By Ann O'Loughlin
Seven mobile homes occupied by between 22 and 25 people have to be immediately vacated and removed from a commercial yard in Dublin because of fire safety fears, the High Court has ordered.
The High Court heard the caravans, at a vehicular parking/car wash yard in Prussia Street, are being used to accommodate a number of individuals and families, including children, who are believed to be from Eastern Europe.
The mobile homes are positioned quite close to one another, have electricity cables running into them, gas cylinders outside, waste materials stored nearby and there was evidence that people were smoking around them, the court heard. Dublin City Council is concerned that fire could spread rapidly from one mobile to another given the flammable nature of their construction and fittings, with no means of egress in the event of a fire.
Mr Justice Seamus Noonan said he was satisfied to grant the orders that they be immediately vacated.
"With electricity cables, gas cylinders and people smoking, it is like a bomb about to go off," he commented.
He said he was doing so given the extreme risk to life for the unfortunate people living there. While he was reluctant to put people out on the street, he had been informed the Dublin Region Homeless Executive had been informed and he hoped it would be in a position to look after them.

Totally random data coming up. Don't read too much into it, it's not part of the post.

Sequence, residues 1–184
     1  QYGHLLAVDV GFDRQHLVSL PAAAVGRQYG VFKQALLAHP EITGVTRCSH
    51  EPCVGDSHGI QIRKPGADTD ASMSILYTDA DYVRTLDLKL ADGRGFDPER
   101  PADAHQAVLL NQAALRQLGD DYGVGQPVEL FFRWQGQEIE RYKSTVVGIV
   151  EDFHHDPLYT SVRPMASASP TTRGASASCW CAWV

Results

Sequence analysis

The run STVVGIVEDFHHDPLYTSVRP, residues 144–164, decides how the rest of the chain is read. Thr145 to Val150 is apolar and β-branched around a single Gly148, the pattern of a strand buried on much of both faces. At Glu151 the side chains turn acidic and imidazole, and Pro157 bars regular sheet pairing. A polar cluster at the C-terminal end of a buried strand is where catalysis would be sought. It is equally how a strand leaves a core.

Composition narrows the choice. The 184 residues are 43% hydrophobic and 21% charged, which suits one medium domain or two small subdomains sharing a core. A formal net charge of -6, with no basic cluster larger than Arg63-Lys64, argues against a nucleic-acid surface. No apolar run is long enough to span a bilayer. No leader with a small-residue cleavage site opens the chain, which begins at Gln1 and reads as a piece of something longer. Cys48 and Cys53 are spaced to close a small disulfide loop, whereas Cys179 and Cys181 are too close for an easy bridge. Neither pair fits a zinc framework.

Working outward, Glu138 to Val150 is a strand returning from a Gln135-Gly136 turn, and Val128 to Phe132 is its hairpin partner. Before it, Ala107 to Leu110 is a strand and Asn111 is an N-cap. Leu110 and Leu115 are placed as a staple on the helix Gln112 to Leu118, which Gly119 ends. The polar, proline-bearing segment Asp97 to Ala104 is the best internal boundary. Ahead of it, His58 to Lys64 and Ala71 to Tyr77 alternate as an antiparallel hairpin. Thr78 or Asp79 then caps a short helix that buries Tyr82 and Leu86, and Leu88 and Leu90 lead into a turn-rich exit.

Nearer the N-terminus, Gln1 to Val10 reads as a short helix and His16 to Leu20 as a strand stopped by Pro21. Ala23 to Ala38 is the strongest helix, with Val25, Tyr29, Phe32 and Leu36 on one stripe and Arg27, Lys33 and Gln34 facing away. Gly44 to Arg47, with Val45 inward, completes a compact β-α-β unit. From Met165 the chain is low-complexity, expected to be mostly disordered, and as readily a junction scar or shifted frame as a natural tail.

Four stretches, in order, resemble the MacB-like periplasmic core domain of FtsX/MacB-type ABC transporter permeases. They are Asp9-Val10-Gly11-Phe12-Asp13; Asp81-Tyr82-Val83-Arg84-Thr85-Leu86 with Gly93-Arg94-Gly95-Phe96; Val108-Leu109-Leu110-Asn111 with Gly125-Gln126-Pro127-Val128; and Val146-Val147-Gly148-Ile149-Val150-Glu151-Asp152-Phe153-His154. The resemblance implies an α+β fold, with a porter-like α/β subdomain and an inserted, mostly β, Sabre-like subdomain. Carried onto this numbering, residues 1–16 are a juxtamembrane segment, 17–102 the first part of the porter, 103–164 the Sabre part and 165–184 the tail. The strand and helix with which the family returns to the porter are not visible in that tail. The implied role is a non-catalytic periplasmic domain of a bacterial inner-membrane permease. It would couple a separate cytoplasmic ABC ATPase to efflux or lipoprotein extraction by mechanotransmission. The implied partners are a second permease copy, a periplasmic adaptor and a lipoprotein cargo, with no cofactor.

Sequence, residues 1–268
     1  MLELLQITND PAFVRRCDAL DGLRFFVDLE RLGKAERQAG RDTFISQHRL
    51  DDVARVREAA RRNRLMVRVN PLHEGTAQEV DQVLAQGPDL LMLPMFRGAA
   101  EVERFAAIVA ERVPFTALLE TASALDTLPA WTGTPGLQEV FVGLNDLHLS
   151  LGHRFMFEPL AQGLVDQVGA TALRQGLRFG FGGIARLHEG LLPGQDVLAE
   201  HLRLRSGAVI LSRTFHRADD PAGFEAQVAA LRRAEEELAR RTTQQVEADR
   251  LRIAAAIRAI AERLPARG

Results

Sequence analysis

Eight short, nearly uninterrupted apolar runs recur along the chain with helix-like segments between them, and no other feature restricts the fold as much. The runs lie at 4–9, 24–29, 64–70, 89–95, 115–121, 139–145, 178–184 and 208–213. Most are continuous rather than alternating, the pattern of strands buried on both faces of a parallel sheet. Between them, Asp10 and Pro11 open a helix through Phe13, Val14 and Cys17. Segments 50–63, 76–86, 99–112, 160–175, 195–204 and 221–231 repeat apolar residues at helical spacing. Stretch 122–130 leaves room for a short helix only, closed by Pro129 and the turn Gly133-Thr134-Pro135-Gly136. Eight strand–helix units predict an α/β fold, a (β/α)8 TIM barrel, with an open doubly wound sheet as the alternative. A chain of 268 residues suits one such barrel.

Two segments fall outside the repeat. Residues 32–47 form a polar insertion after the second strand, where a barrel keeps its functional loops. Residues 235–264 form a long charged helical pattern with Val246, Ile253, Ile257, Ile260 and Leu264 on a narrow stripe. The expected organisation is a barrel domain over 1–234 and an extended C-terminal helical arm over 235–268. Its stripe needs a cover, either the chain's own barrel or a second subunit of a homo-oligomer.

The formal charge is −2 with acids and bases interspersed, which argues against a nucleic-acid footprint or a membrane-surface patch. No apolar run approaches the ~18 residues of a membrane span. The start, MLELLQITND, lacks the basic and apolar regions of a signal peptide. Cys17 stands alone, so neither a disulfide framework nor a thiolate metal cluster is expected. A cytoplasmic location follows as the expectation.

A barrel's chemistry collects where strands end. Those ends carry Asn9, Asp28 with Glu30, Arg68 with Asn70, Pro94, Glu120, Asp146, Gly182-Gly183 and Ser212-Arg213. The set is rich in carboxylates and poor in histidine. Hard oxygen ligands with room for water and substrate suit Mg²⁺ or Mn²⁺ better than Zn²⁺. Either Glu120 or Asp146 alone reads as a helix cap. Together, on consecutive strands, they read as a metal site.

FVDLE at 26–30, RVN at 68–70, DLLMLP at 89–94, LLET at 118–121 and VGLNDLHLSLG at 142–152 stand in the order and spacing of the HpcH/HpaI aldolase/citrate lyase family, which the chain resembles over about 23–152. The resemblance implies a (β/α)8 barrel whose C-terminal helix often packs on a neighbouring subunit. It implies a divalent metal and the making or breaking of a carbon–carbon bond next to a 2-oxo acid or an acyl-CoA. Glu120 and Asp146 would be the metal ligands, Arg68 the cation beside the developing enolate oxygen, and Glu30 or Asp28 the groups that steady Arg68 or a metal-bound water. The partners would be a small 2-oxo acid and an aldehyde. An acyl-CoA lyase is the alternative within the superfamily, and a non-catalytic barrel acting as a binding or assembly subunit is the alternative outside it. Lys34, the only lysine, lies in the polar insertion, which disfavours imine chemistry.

Conleth Bradley SC, for the Council, in response to the judge's comment that it was like a bomb about to go off, said there had been another incident in another council administrative area where there had been terrible loss of life as a result of a fire in a mobile home site.
Mr Bradley said the Prussia Street situation came to light over a week ago and it was visited by fire officers who swore affidavits outlining their serious concerns about the safety risk to people living there. The mobile homes appeared to be up for sale. Planning enforcement notices were served as the alleged unauthorised use of the site for residential purposes.
Fire officers met the operator of the site, Mr Tibor Tancos, who said he had advertised the mobile homes for sale and would have them vacated within a week. The concern of the officers and the Council was so great however that it was decided to seek an immediate court order, counsel said.
The proceedings are against Mr Tancos and also against the owner of the site, Mary McGrath of Greenfields House, Maynooth, Co Kildare.
Mr Justice Noonan said the case could come back next week and both Mr Tancos and Ms McGrath were in the meantime given liberty to apply to the court in relation to the orders by giving 12 hours notice to the City Council.